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Date: Sun, 7 Jun 2015 22:51:21 -0500
From: Josiah Worcester <josiahw@...il.com>
To: musl@...ts.openwall.com
Subject: Re: Build option to disable locale [was: Byte-based C locale,
 draft 1]

On Sun, Jun 7, 2015 at 10:35 PM, Harald Becker <ralda@....de> wrote:
> On 08.06.2015 04:36, Rich Felker wrote:
>>
>> Do you have an application in mind where saving ~13k in libc.so would
>> make the difference between being able to use it or not?
>
>
> I think I answered this already in the other message.
>
>> Maintaining useless configuration knobs and having to test them all is
>> also too much work, and the main reason why uClibc is dying.
>
>
> Too many knobs make it difficult to maintain, this is always a problem, but
> without controllability to get a monolithic hunk which may not fit all
> needs. That is why I look for a knob to remove all the char set and locale
> handling, dropping to a C locale only ... with some clever optimization for
> dedicated UTF-8 handling.
>

The point is "all the charset and locale handling" is miniscule,
spread-out, and not easily removed. It's also only UTF-8 handling.

>> That's how it always has been. You could actually make it smaller by
>> writing the string functions as trivial character-at-a-time loops on
>> top of mbtowc/wctomb, but you'd be sacrificing performance to save a
>> few hundred bytes at most. This does not seem like a worthwhile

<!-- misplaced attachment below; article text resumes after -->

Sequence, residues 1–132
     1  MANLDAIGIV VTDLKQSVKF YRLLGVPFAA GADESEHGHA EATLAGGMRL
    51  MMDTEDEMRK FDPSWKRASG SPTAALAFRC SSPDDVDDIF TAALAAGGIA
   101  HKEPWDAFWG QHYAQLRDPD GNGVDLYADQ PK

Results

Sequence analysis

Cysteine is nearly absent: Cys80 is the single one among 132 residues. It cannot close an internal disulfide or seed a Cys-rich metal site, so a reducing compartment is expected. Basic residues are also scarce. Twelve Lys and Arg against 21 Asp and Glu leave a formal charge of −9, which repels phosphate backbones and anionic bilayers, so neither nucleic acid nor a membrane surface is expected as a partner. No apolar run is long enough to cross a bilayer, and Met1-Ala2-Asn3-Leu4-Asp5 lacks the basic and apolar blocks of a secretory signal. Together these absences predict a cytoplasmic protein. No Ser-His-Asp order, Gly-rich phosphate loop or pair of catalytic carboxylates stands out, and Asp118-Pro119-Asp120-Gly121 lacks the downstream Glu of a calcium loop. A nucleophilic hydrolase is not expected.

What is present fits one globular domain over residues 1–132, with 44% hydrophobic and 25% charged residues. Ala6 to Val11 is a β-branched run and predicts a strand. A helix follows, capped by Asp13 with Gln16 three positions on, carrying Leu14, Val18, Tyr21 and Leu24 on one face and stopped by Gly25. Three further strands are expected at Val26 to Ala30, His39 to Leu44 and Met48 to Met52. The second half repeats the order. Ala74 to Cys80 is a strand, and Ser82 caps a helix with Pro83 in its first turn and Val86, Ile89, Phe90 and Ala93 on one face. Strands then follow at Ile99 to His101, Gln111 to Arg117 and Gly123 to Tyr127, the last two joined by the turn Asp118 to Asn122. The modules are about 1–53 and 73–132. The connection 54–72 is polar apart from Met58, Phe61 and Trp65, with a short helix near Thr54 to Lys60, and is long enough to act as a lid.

>> trade-off.
>
>
> Rich, UTF-8 allows for character operation without converting for and back
> the individual sequences. I never mbtowc/wctomb, or even any other wide
> character function. There are only a few operations which really need to
> work at Unicode code point values (not characters).

You need to be incredibly careful and essentially parse straight to
codepoints in order to not accept invalid UTF-8. Most notably,
over-long sequences and surrogate pairs should not be accepted and to
understand those you have to parse it.

>> musl's "C" locale is _not_ ASCII but is UTF-8. Supporting both
>> byte-at-a-time operation in the C locale and proper UTF-8 handling
>> otherwise is the topic of this thread, and it very mildly increases
>> code size.
>
>
> So this is why I jumped in on that topic. You approximately get near what I
> like to get when you read my request as: "Create a lib with that single C
> locale handling, without any other locale or char set stuff".
>
> ... but I think you still do some UTF-8 operations too complicated. It looks
> to me you are fixating on that wide character and multi byte parts, which I
> consider not to be required. UTF-8 is a sequence of bytes, so keep them just
> as this sequence. Most string operations allow for clever optimization.

When it's reasonable musl does operate right on byte sequences. But
there are operations  that only make sense on units of codepoints.

>> This probably could be a configurable option at some point, but it's
>> not going to save you any meaningful amount of space. Best case would
>> be saving about 4k.
>
> ... another 4k of unnecessary code.

4k is not exactly worth optimizing unless there's a really compelling
reason, especially when it provides this much benefit.

>> 119k of the 128k for iconv is legacy CJK character set tables. The